I note that PepsiCo (PEP) released quarterly results earlier this week. COVID-19 aside, the snack and beverage giant looks in great shape. We shall get to the virus later, but for now let’s appreciate the numbers the company put out last quarter. Revenue came in 7.7% higher than in 1Q19, or 7.9% on an organic basis (i.e. after stripping out currency issues and the like). Pretty much every geographic area and business line saw growth.
Heck, even the stodgy North American drinks business played its part. Revenue at PepsiCo Beverages North America came in 7% higher than the year-ago period. Trademark Pepsi saw net revenue growth for the seventh consecutive quarter, while non-carbonated beverages put in double-digit growth. Overall volume at PepsiCo Beverages North America increased by 6% year-on-year. Its other two divisions – Quaker Foods and Frito-Lay – also delivered strong domestic growth.
Anyway, core earnings per share came in at $1.07 for the quarter. That represents 10% growth on the figure reported a year ago. The company has pulled its 2020 guidance in light of the coronavirus, though it still expects to spend $7,500m on shareholder returns this year. The lion’s share of that figure will go on cash dividends, with a couple billion left over for share buybacks as well.
Now, I imagine the COVID-19 situation played a small part in last quarter’s results. I don’t know about you, but our cupboards are loaded with PepsiCo products – Doritos, Quavers and Walkers being the most obvious ones I can think of. That said, I’m not sure the positive impact of stockpiling has had that much of an effect. I think management mentioned that the stockpiling tailwind only showed up in the last few weeks of the quarter. Or put another way, its quarterly numbers are good figures in their own right.
As mentioned above, guidance for this year has been pulled in light of the current situation. I don’t care much about that for one simple reason: the Fed. Well, I say the Fed, but the monetary response has been global. I read some pretty angry pieces and comments on Seeking Alpha bemoaning this and the current state of the stock market. How can these names go for 20x earnings, sometimes more, faced with such nightmarish conditions?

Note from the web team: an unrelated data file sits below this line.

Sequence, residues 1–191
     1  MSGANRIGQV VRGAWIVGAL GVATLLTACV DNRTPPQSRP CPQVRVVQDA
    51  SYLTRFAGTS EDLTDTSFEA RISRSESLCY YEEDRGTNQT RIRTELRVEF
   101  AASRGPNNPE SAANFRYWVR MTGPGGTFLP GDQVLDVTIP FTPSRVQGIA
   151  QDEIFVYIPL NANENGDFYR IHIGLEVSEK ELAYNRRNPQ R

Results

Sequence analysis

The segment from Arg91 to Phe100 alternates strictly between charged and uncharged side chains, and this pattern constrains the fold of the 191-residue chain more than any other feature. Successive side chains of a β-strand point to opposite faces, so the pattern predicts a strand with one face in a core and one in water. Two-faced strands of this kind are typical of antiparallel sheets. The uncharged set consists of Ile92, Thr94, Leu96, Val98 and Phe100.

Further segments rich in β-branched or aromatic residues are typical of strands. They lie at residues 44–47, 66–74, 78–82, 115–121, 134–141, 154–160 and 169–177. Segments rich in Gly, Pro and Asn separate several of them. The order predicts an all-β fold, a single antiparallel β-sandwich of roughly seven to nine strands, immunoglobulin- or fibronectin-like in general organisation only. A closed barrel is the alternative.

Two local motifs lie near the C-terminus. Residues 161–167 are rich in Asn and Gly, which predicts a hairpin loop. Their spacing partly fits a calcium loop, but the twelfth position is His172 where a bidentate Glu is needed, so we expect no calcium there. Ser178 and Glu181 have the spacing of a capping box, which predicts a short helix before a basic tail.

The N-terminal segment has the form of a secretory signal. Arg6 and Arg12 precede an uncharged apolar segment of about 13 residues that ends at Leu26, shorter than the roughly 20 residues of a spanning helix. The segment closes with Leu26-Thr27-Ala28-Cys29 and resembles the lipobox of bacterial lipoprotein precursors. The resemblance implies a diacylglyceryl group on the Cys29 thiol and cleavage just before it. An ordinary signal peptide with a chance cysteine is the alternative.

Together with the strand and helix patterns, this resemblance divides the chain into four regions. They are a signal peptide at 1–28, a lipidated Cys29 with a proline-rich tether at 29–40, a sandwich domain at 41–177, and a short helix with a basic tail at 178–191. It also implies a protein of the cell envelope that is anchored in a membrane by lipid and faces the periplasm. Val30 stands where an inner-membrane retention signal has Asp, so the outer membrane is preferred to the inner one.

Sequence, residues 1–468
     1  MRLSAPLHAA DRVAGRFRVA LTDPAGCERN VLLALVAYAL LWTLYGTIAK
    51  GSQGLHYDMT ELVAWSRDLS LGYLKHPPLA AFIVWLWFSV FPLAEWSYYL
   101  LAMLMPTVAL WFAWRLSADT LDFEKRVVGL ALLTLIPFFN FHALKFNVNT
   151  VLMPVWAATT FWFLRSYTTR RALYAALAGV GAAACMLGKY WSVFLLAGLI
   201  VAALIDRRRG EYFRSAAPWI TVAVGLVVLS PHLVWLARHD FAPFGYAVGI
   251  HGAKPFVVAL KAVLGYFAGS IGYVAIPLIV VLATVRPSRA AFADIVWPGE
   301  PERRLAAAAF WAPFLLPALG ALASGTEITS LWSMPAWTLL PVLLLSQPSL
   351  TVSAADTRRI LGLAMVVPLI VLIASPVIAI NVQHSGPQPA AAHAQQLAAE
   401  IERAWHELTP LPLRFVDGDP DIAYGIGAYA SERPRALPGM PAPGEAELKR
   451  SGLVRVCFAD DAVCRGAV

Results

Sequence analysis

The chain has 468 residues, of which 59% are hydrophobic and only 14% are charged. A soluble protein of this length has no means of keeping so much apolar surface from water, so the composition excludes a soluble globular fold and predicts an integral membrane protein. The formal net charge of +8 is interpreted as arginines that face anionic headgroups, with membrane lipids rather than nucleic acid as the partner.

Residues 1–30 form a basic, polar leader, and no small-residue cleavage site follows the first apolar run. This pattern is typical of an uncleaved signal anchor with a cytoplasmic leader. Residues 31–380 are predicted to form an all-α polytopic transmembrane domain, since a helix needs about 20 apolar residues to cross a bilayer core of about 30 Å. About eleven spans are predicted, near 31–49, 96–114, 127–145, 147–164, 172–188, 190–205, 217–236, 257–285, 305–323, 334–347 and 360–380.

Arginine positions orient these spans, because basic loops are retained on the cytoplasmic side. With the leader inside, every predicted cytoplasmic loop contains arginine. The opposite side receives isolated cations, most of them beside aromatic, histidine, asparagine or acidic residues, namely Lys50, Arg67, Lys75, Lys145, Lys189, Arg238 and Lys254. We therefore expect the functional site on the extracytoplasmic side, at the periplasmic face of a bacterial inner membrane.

Fair enough, but it is still ‘stocks for the long run’ based on those valuations. When PepsiCo plunged back in March, along with everything else, it went down to the one-hundred bucks per share area. That put the stock at a shade under 19x earnings, with that valuation based on last year’s net profit. Now, earnings may well take a hit this year, but that has been true in every downturn. The best time to buy has rarely presented itself as a low P/E ratio based on current profit. We have to look a bit further out than that. On that basis, we have a circa 5% earnings yield for PepsiCo stock versus current corporate bond yields. The spread favors the former all day long, even if that earnings yield is based on 2021 profit.
Actually, there’s another reason I don’t much care about COVID here: it strikes me that PepsiCo will recover relatively quickly in any case. The quirks of this crisis, the lockdowns and such, are obviously public health related. It seems likely that this will resolve itself in the near future, and by that I mean a small number of quarters. Even if we are then left with a sluggish economy, well, PepsiCo has never been too dependent on that anyway.
Right now, the shares change hand for around $132 apiece. I make that equivalent to a dividend yield of 2.9% based on an annualized distribution of $3.82 per share. COVID-19 aside, its business looks like it is humming along quite nicely in terms of growth. PepsiCo claims that the $5,500m it will spend on shareholder dividends this year represents a 7% increase on last year. Once things return to normal, that means it would still retain $3,000m or so in annual profit for other purposes.
Let’s say the company carries on in much the same vein as it has recently. That mean’s circa 7% dividend growth, with PepsiCo using its retained earnings to fuel growth in the future. On that basis, you might reasonably expect the stock to pay out somewhere in the region of $55 per share by way of cash dividends over the next decade. At a $132 per share stock price, that is an okay deal given the current interest rate environment.
If you enjoyed this article and would like to get new posts directly to your inbox, feel free to enter your email address in the sidebar and hit the “subscribe” button. Thank you for reading!